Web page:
September 2016
Volume 57, Issue 12
Open Access
ARVO Annual Meeting Abstract  |   September 2016
Learning to use a stereoscopic display with retinal surgery does not increase surgical time or negatively affect outcomes
Author Affiliations & Notes
  • Mark Barakat
    Retinal Consultants of Arizona, Phoenix, Arizona, United States
  • Footnotes
    Commercial Relationships   Mark Barakat, None
  • Footnotes
    Support  None
Investigative Ophthalmology & Visual Science September 2016, Vol.57, 4457. doi:
  • Views
  • Share
  • Tools
    • Alerts
      This feature is available to authenticated users only.
      Sign In or Create an Account ×
    • Get Citation

      Mark Barakat; Learning to use a stereoscopic display with retinal surgery does not increase surgical time or negatively affect outcomes. Invest. Ophthalmol. Vis. Sci. 2016;57(12):4457.

      Download citation file:

      © ARVO (1962-2015); The Authors (2016-present)

  • Supplements

Purpose : The visualization system TrueVision® is a stereoscopic, real-time, digital display of the surgical arena intended for cataract, glaucoma and vitreoretinal surgery. There is some data to suggest that it is safe and effective in achieving robust surgical outcomes in refractive cataract surgery, but less is known about results in retinal surgery. We hypothesize that transitioning to this "heads-up" display will not lead to increased surgical time or complication rate, even during the initial learning curve.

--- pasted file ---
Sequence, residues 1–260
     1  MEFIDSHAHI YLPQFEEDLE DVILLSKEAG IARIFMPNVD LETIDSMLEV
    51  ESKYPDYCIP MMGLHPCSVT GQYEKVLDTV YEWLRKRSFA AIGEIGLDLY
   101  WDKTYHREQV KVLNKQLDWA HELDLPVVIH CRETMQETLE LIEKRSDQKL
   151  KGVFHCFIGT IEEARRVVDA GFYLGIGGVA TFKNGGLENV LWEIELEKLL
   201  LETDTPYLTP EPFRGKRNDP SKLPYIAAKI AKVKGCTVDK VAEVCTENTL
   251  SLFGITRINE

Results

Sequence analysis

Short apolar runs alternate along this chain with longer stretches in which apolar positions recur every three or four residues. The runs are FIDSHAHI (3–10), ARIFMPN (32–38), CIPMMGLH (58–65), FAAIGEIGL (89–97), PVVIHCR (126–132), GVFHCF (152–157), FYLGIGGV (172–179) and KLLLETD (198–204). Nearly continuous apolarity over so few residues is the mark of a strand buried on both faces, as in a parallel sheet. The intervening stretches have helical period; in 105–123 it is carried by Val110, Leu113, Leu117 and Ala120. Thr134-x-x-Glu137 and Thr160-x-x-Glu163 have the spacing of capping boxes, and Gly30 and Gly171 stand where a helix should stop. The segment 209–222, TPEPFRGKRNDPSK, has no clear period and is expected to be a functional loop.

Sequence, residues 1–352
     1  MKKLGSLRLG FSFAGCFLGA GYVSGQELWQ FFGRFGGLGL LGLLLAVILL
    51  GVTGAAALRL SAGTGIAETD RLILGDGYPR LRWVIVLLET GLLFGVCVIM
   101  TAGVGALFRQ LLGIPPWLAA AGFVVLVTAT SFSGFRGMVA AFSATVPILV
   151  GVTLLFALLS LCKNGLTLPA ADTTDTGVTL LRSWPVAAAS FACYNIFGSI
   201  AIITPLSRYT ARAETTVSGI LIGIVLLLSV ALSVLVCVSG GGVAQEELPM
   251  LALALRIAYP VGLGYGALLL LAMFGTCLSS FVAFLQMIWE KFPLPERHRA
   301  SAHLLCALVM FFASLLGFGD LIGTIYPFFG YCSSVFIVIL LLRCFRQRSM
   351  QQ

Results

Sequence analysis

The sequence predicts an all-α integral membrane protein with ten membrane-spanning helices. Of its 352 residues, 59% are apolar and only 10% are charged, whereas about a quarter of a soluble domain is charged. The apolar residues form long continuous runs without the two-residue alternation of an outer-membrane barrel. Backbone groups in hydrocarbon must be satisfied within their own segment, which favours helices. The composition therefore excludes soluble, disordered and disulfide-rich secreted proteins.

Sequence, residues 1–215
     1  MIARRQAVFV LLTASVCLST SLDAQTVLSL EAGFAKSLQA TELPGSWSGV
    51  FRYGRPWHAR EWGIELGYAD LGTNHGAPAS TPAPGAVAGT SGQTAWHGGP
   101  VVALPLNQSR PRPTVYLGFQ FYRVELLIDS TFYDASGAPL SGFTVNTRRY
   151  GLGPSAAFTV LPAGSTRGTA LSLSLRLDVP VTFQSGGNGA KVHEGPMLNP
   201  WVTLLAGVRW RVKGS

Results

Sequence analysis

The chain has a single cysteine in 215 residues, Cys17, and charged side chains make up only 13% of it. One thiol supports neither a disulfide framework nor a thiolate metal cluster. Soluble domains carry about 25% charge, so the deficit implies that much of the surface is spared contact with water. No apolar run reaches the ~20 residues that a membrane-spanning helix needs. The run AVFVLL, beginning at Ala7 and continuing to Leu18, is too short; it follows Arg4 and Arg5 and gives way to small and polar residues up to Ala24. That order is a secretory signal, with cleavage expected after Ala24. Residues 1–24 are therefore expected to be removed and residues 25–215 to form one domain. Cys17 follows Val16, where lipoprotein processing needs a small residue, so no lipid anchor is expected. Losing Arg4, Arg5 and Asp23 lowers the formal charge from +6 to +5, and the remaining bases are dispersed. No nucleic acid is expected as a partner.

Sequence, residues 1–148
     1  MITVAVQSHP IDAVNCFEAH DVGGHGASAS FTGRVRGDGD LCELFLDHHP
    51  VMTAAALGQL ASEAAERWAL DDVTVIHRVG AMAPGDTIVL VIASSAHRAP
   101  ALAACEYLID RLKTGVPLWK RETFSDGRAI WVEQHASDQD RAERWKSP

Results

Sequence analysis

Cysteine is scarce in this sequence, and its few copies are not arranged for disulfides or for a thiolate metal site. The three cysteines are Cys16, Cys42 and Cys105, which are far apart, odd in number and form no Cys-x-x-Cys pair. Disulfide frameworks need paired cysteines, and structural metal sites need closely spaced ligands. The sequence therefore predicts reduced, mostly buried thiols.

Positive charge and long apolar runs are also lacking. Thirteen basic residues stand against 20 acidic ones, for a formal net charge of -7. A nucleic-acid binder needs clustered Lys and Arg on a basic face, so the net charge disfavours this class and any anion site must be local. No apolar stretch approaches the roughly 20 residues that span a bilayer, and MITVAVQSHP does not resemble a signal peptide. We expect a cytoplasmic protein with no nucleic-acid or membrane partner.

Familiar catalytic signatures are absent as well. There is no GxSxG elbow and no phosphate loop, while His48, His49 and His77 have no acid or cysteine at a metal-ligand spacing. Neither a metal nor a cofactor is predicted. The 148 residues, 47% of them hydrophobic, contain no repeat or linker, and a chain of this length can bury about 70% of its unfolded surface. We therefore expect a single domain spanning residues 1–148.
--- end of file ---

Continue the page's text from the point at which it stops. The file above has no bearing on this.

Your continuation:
Methods : All retinal surgery cases performed by a single surgeon with 25 gauge vitrectomy (Alcon Constellation® unit) at one outpatient facility in September and October of 2015 were reviewed retrospectively. All consecutive cases on/after September 30, 2015, were performed with the “heads-up” display. Intraoperative reports, operative and clinical notes were reviewed for surgical time, complications, and visual acuity (VA) at baseline, 1 day, 1 week, and 1 month after surgery. Cases were further subdivided into complexity categories by diagnosis:
● vitreous hemorrhage/debris and silicone oil,
● epiretinal membrane and macular hole,
● rhegmatogenous retinal detachment,
● complex retinal detachment and dislocated intraocular lens.

Results : Of the 32 consecutive cases performed at this center, 18 were performed with the surgical microscope and 14 with the digital display. Average surgical times for the TrueVision® and standard groups were statistically equivalent at 41.5±15.5 and 34.1±20.6 minutes (p = 0.27), respectively. Two-way analysis of variance (ANOVA) of operative times confirmed a significant correlation with disease category (p = 0.000018) but not viewing system (p = 0.093). Mean logarithm of Minimum Angle of Resolution (logMAR) baseline VA was equivalent in both TrueVision® and standard groups (1.00±0.94 vs 0.84±0.76; p = 0.62), as was change in logMAR VA at all post-operative time points (p = 0.12; 0.77; 0.14). There were no complications in either group.

Conclusions : Early experience with transitioning away from the standard operating microscope to the TrueVision® viewing system did not yield increased surgical time or complication rate in retinal surgery. Short-term visual outcomes did not differ. Additional analysis is needed to further explore long-term outcomes and potential benefits of this digital system with increasing surgeon familiarity.

This is an abstract that was submitted for the 2016 ARVO Annual Meeting, held in Seattle, Wash., May 1-5, 2016.


This PDF is available to Subscribers Only

Sign in or purchase a subscription to access this content. ×

You must be signed into an individual account to use this feature.